If you want to admire art ranging from Impressionist masterpieces to contemporary paintings, then this popular museum in New York City is a great place to visit.
The Solomon R. Guggenheim Museum is commonly referred to as “The Guggenheim” and is located at 1071 Fifth Avenue in the Upper East Side of Manhattan.
The museum was established by the Solomon R. Guggenheim Foundation in 1939 as the “Museum of Non-Objective Painting.”
It started with several collections, including that of Solomon Robert Guggenheim (1861-1949), a rich American businessman who was a member of a wealthy mining family.
Although he started collecting paintings by the Old Masters in the 1890s, his taste switched to modern art in the 20th century.
Today, the museum is housed in a landmark building in New York City designed by the renowned architect Frank Lloyd Wright.
The building features a distinctive 6-story gallery that was completed in 1959. This building has become a UNESCO World Heritage site in 2019.
In this article, you’ll discover some of the most famous paintings at The Guggenheim.
1. The Hermitage at Pontoise – Camille Pissarro
- Date created: 1867
- Dimensions: 150.3 x 200 centimeters (59.1 x 78.7 inches)
The Hermitage at Pontoise is a painting by Camille Pissarro (1830-1903), one of the leading Impressionist artists of the 19th century. He produced several monumental landscapes during the early phase of his career and this work depicting a scene in the village of Pontoise is one of them.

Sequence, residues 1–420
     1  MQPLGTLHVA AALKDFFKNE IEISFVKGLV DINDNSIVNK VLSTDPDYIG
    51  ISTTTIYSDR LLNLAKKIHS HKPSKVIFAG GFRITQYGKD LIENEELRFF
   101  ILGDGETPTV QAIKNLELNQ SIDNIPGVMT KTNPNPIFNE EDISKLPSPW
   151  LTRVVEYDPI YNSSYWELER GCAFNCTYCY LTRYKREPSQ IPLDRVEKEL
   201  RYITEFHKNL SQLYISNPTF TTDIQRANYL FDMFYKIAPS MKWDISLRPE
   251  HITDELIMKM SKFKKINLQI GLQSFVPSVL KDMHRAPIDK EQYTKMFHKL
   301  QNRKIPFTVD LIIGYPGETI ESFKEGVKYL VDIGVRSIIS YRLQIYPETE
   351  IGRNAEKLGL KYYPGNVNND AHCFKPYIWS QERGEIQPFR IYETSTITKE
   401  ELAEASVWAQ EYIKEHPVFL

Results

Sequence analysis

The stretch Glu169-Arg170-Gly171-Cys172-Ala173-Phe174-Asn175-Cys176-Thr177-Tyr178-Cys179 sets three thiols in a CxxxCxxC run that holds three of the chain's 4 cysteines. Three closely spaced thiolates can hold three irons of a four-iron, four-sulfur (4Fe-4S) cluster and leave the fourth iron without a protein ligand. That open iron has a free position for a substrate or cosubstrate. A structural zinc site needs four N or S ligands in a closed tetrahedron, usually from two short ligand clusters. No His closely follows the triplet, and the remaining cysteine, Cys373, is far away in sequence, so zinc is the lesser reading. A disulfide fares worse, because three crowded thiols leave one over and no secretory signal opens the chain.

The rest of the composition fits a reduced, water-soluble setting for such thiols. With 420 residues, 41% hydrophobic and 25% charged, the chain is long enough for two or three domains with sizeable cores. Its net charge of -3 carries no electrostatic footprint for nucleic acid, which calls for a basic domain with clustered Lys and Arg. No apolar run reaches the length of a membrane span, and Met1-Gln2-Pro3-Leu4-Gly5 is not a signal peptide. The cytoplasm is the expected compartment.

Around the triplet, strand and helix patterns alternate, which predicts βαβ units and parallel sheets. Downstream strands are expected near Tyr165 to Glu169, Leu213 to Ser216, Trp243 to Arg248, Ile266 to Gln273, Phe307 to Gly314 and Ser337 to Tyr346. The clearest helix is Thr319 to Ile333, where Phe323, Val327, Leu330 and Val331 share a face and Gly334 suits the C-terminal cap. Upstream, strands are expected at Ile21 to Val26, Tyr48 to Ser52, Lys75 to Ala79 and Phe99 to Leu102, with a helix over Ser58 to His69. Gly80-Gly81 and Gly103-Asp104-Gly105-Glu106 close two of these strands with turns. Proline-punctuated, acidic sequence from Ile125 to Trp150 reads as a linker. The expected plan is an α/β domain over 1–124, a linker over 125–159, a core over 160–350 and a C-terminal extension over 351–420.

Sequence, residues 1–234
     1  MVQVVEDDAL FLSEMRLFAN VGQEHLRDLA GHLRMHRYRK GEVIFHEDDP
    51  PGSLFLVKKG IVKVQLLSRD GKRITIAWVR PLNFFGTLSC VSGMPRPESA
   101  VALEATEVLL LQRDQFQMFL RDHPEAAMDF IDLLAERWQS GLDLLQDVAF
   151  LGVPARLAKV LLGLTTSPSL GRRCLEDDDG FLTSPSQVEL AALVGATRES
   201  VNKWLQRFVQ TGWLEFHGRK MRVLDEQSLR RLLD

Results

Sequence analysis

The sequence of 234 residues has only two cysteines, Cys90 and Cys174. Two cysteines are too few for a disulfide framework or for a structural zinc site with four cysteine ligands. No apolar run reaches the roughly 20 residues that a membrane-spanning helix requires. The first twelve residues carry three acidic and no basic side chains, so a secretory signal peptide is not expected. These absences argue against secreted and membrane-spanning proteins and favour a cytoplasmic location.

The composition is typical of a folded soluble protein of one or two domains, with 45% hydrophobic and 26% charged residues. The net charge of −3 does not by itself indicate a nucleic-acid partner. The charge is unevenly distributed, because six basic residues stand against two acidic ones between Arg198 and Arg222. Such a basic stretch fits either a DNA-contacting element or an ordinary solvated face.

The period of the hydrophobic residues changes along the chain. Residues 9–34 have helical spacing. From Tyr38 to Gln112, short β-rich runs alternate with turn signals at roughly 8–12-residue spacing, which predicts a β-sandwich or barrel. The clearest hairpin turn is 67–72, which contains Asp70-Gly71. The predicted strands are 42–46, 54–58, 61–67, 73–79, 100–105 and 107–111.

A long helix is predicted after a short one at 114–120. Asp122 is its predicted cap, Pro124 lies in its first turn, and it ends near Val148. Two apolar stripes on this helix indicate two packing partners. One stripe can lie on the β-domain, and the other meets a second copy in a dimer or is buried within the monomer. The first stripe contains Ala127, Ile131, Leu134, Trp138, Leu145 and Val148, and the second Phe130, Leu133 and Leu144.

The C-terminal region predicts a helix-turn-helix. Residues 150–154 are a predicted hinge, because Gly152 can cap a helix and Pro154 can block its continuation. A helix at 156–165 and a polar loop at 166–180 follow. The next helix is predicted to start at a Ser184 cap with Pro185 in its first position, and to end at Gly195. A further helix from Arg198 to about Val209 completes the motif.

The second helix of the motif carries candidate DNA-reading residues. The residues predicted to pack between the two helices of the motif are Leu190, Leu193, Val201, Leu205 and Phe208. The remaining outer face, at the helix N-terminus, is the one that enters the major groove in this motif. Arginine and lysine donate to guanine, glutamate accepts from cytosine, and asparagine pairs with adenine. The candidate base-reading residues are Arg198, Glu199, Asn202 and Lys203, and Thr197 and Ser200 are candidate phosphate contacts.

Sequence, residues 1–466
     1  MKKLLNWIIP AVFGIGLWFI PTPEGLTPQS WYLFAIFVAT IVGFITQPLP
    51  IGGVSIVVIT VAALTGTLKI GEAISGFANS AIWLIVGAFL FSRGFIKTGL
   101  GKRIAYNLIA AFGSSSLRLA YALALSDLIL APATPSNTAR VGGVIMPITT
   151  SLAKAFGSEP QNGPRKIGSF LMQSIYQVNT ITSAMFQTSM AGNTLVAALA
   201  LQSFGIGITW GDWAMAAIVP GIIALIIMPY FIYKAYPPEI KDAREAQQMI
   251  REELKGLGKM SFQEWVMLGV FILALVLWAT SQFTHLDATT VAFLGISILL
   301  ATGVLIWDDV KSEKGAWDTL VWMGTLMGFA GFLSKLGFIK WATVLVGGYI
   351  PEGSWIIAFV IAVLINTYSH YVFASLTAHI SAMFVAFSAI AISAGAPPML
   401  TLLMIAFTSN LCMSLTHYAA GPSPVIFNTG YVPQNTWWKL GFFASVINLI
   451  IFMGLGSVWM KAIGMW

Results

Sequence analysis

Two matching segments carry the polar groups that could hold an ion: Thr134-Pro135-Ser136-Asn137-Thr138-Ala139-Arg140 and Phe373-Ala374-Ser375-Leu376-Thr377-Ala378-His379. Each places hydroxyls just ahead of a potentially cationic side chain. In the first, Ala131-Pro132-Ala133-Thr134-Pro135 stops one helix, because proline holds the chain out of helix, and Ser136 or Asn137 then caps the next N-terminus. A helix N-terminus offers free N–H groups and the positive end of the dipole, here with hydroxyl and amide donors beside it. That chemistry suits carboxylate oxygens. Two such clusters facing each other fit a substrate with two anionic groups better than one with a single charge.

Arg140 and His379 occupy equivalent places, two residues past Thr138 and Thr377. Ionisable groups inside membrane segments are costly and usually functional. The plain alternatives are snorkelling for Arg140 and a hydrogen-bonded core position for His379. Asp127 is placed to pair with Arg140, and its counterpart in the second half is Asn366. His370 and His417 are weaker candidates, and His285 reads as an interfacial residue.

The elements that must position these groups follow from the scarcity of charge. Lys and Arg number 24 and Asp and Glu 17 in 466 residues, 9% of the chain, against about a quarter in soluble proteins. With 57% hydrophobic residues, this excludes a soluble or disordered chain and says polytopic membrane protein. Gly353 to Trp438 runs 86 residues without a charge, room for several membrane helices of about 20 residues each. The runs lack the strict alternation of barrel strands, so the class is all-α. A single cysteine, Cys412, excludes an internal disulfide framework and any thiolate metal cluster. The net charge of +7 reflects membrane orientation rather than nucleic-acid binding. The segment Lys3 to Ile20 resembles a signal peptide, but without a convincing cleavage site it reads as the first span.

The Danish-born French artist lived here for extended periods between the 1860s and 1880s and magnificently captured the glowing landscape in this rural part just northwest of Paris. The houses seen in this painting are from a neighborhood of Pointoise referred to as the “Hermitage.”
2. Mountains at Saint-Rémy – Vincent van Gogh
- Date created: 1889
- Dimensions: 72.8 x 92 centimeters (28.68 x 36.25 inches)
Mountains at Saint-Rémy is a painting by Vincent van Gogh (1853-1890) that amazingly shows the transition between Impressionism and Post-Impressionism. The Dutch artist captured the landscape near the town of Saint-Rémy in southern France in such a way that it almost vibrates.
The Post-Impressionist master spent a lot of time recovering from his mental breakdown in Arles at the need of 1888. He checked himself into the Saint-Paul-de-Mausole mental facility and produced some of his most notable works here. The nearby mountains in this work were visible from the hospital grounds.
3. Man With Crossed Arms – Paul Cézanne
- Date created: 1899
- Dimensions: 92 x 72.7 centimeters (36.2 x 28.6 inches)